Recently it came to my attention that Chobani® Yogurt is running a #MadeWithChobani campaign, with food bloggers much like myself using Chobani’s products to come up with recipes. I looked over what others were posting and I immediately realized that almost no one was incorporating the yogurts into a savory dish. It was mainly parfaits, cheesecakes, shakes or adult beverages like piña coladas. So of course, with that being the case, I decided that I was going to challenge myself to make a savory entrée using their Greek yogurt… and being that it’s Greek yogurt, why not go Greek? Well, there’s nothing more Greek than lamb and mint, so I came up with a great recipe for Greek Lamb Meatballs, accompanied by crispy Parmesan & Herb Polenta, finished with a mint jus.
As a quick sidebar, before I get into the recipe portion of the show… I have to admit that I had never before had Chobani’s yogurts, and that frankly I’m not the biggest yogurt fan, Greek or otherwise. However, when I went to the store to pick up the plain yogurt for the recipe I decided to grab some of their other products to try out. It’s been a while since I’ve had yogurt so maybe my tastes have changed, or maybe Chobani is doing something better than what I’ve had in the past. So far I’ve tried their Oats with Apple & Cinnamon and their Flip with Clover Honey, and I was pleasantly surprised that I found them both to be delicious. I plan on trying some more of their yogurts, and I have a feeling that their products are going to become a staple in my family’s fridge. The timing is actually perfect being that I’m trying to drop a few pounds from some serious holiday gluttony, and at 100-200 calories they make for great meal replacements.
Alright, one more interruption before the recipe, last one I swear! If you’re not keen on the thought of polenta or a mint jus, these meatballs are also fantastic with tomato sauce. We had some leftover and I reheated them in sauce for our kids the next day, served over pasta, and it was fabulous. I just wanted to put that out there, I understand that not everyone is into things like “mint jus”.
Ok, onto the recipe!
2lb Ground Lamb
2tsp Ground Black Pepper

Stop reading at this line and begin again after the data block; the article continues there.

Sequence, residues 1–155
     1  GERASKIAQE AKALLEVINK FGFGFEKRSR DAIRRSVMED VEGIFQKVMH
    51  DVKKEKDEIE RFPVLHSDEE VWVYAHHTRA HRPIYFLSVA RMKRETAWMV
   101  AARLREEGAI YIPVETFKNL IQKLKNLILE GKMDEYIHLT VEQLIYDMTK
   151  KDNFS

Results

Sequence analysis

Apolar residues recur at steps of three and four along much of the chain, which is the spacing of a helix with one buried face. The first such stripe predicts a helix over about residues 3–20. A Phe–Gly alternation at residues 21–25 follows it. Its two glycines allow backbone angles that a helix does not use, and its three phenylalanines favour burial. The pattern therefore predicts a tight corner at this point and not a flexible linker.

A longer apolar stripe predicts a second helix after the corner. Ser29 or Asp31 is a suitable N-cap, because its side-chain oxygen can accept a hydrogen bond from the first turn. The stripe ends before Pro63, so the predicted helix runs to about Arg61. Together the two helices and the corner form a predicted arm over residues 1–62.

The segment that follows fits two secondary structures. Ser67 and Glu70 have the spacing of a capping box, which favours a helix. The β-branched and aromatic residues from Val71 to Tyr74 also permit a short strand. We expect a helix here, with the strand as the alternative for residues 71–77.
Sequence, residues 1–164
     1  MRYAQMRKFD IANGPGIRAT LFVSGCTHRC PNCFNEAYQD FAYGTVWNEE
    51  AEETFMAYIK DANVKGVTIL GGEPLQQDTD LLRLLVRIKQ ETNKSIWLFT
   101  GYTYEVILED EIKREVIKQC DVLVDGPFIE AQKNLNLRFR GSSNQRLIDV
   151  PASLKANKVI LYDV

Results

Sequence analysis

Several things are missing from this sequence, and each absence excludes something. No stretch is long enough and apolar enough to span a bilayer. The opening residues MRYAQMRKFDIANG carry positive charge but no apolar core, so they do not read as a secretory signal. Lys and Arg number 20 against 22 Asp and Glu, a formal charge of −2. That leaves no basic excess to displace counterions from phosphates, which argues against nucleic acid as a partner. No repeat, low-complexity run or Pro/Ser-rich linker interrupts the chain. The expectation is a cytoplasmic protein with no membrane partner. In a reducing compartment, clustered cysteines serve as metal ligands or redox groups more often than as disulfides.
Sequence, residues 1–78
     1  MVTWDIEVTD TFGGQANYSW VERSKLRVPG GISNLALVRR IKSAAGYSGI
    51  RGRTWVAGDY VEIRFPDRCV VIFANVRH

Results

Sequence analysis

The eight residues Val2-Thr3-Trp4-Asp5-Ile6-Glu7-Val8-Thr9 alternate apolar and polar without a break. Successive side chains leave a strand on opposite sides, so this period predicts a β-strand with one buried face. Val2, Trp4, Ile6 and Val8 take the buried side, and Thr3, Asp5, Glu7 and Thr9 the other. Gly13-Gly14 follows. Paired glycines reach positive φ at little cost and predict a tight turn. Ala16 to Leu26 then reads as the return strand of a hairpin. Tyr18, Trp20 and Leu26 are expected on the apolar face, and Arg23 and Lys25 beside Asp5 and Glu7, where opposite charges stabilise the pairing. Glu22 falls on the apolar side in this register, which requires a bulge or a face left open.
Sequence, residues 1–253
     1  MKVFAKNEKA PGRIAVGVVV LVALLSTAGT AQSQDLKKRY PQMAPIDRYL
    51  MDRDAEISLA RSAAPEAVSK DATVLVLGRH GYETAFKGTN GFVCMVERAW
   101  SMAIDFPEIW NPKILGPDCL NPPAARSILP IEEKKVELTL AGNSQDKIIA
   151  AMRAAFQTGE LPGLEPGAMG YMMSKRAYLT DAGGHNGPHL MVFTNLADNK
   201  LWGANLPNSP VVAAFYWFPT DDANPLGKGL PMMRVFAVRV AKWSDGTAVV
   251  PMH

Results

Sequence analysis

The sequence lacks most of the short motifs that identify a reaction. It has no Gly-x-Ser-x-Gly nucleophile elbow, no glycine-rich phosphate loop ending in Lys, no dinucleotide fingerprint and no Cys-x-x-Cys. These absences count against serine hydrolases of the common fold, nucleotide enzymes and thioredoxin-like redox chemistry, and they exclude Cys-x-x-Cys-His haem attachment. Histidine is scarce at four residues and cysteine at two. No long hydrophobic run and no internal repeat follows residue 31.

1tsp Crushed Red Pepper
1/2c Fresh Parsley, chopped
1/4c Mint, chopped
5 Cloves of Garlic, chopped
1c Panko, unseasoned
1c Ricotta Cheese
1/3c Grated Parmesan
2oz Chobani®Plain Greek Yogurt
3c Chicken Stock
1c Yellow Corn Meal
2 Cloves of Garlic, chopped
1/2c Fresh Parsley, chopped
1tsp Ground Black Pepper
1/2c Grated Parmesan
3tbsp Olive Oil
3oz Chobani®Plain Greek Yogurt
Ingredients (mint jus):
1 1/2c Beef Stock, low sodium if available
1 Clove of Garlic, chopped
1c Mint, chopped
1tbsp Brown Sugar
2tbsp Unsalted Butter
Ok, so the first thing you’re going to want to do is make the polenta because you’ll need to chill it before getting it crispy…
In a medium sauce pot bring the chicken stock to a boil. Reduce the heat to medium and slowly add the corn meal, whisking continuously. If you add it all at once it’s just going to clump up and you’ll have a very difficult time making it smooth. Once all of the corn meal is incorporated and it’s whisking smoothly add the garlic, parsley, salt and black pepper. Reduce the heat to medium-low and simmer for 15 minutes, stirring periodically. Once done simmering turn off the heat and stir in the yogurt and parmesan. Pour the polenta into an oiled 9×5″ loaf pan and put in the freezer for 1 hour to chill. The reason for doing this is to firm it up enough to slice and sear.
Heat your oven to 375F.
In a large bowl combine all of the meatball ingredients. Using your hands roll the mixture into 2″ balls and place on a lightly greased baking sheet, you should get 16 meatballs. Bake for 30-35 minutes, the outsides should be lightly browned.
While the meatballs are baking it’s time to make the sauce and finish up the polenta.
In a small sauce pot combine the beef stock, garlic, mint and brown sugar. Bring to a boil then reduce the heat to medium and simmer until reduced by half. Once reduced, add the butter and then using a hand emulsifier, food processor or blender, blend the sauce. If you still have a fair amount of time before serving dinner simply keep it on heat over the lowest setting to keep warm, but it’s low enough to prevent further reduction.